- Secondary cable lock.
- Single Saddle Bag mounted opposite the surf racks.
- A few bungee cords to secure the board, towels, and anything else.
Some additional odds and ends to mount and secure some things included:
- Pipe wrap to wrap around the frame tubes to give the mounting brackets something to bite.
- Anti-seize lubricant for the surf rack mounting bolts.
The end result is an ebike that’s great for a surf and looks pretty rad too. Board goes in the racks, lock goes in its mount, wetsuit in the bag, towels strapped to the cargo rack, and you’re off.
Gear and Products Used
Below you’ll find a run down of the gear we used and how we mounted it on the Super73-S1.
The most important aspect of any surf bike are the racks.
Moved by Bikes makes the best surf racks out there, and these are the same ones we used on the CT90.
They’re sturdy, come with quality mounting hardware, and are super easy to pop off if you don’t need them at the moment.
The moped racks are the most sturdy design they offer, and work perfectly for an ebike like the Super73 S1.
We mounted ours under the rear rack with the mounting brackets on the inside of the frame.
This position allows the mounts and tubes to stay out of the way when the racks aren’t installed and gives you plenty of stability for carrying almost any length board.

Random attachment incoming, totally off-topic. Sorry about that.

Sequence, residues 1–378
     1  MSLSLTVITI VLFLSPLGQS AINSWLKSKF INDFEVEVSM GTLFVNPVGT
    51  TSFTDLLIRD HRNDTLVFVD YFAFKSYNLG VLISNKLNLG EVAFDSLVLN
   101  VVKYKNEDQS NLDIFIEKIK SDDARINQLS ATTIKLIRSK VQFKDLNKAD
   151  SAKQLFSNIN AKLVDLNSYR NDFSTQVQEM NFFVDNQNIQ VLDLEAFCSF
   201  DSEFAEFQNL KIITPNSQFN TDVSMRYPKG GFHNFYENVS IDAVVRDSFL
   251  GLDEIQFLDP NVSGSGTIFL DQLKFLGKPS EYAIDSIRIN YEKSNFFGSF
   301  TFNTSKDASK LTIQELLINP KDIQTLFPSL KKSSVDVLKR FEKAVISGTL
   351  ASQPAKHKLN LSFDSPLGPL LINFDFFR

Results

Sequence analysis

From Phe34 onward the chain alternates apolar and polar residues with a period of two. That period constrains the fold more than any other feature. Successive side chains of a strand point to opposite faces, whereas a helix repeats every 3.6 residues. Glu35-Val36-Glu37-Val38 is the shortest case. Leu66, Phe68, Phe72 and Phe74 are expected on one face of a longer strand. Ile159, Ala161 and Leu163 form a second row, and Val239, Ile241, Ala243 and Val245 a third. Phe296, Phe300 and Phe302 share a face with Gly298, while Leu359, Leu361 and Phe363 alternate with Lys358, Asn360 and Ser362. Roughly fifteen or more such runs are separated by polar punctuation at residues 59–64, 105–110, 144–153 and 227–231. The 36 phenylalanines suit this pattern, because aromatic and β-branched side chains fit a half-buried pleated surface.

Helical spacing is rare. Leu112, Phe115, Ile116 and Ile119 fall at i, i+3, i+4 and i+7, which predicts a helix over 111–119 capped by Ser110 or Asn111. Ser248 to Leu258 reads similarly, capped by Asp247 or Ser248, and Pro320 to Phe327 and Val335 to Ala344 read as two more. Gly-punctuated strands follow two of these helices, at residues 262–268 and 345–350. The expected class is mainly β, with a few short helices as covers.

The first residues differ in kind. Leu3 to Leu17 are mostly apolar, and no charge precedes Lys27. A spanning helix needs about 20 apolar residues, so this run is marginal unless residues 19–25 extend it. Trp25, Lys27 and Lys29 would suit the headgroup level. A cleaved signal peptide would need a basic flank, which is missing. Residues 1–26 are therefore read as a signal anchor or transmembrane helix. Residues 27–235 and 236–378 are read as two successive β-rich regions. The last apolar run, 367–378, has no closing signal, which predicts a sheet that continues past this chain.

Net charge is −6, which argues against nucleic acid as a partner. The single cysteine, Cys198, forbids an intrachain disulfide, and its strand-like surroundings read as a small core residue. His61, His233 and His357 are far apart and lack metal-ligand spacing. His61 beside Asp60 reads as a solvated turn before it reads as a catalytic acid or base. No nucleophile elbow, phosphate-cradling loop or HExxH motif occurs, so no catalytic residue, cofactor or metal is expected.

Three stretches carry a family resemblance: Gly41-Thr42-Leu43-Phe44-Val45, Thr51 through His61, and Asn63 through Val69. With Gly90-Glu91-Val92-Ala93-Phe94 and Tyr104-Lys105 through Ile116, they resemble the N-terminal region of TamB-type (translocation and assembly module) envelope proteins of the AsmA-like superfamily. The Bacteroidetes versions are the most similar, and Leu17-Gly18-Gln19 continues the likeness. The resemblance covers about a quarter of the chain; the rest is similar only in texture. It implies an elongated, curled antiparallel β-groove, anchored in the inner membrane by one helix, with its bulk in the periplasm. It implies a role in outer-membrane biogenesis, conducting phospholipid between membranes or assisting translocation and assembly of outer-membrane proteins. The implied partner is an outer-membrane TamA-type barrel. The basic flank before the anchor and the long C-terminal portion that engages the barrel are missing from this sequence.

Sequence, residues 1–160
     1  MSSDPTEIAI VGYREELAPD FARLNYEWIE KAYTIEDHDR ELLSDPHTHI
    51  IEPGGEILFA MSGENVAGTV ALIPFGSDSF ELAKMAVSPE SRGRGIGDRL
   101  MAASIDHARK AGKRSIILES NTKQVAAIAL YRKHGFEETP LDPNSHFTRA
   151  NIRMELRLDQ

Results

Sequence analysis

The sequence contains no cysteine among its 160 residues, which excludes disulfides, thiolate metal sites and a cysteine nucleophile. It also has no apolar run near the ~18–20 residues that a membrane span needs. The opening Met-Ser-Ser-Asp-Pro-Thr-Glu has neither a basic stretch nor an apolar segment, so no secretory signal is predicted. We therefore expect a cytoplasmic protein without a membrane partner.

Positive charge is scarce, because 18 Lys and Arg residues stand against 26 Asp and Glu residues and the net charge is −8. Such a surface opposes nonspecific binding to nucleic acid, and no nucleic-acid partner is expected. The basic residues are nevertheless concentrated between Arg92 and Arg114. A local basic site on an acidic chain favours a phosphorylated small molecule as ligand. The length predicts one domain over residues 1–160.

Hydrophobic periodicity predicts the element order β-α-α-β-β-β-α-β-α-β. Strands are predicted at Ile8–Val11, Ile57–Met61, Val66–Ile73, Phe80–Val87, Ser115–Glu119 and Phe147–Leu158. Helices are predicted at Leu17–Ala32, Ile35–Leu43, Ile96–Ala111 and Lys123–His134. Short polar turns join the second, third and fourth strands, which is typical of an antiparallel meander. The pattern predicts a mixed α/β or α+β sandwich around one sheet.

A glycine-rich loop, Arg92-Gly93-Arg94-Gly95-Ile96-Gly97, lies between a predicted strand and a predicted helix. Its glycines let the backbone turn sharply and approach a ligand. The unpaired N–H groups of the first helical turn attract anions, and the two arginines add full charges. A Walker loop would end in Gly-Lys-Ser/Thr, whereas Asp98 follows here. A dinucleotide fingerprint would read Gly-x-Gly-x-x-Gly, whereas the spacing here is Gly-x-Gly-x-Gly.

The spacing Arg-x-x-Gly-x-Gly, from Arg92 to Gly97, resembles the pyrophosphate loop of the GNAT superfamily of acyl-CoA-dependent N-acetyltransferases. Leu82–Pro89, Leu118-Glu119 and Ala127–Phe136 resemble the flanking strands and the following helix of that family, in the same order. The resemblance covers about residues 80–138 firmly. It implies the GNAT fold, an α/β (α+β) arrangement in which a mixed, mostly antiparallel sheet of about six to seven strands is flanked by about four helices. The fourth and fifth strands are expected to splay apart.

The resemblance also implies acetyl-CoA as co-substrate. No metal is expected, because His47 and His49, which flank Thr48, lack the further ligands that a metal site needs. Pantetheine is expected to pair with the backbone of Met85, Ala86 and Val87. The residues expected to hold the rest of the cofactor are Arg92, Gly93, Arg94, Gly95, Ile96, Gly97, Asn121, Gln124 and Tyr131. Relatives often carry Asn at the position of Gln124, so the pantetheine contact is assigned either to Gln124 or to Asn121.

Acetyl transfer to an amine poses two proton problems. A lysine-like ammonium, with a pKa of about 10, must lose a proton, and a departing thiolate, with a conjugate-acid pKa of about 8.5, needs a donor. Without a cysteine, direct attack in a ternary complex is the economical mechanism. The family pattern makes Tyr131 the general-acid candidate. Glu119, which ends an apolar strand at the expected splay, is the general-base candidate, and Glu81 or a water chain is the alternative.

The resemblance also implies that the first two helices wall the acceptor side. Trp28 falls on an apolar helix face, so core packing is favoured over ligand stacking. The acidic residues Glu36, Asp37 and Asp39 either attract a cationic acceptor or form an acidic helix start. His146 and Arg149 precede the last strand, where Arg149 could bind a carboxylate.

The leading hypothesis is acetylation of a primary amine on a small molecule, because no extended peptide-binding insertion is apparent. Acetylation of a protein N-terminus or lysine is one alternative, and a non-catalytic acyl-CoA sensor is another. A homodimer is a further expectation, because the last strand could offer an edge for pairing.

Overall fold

We’ve tested a wide range from a 5’3″ fish to a 9’5″ log.
We wrapped the frame in pipe thread tape to give the mounts something to grip and protect the paint.
If you ride your bike to the beach in your wetsuit, you may not need a luggage bag. But, it’s nice to have some storage, and I’m not a big fan of riding in a wetsuit.
For the S1, we repurposed the old soft panniers from the CT90 surfmobile.
These come connected, so we cut them apart and mounted the bag we liked onto the side of the bike opposite the surf racks.
Most pannier bags for bikes and motorcycles will come with plenty of straps and hooks for you to mount them with to your frame.
We hooked this one up to the cargo rack and a few points on the rear frame and has no issue with stability or rubbing anywhere it shouldn’t.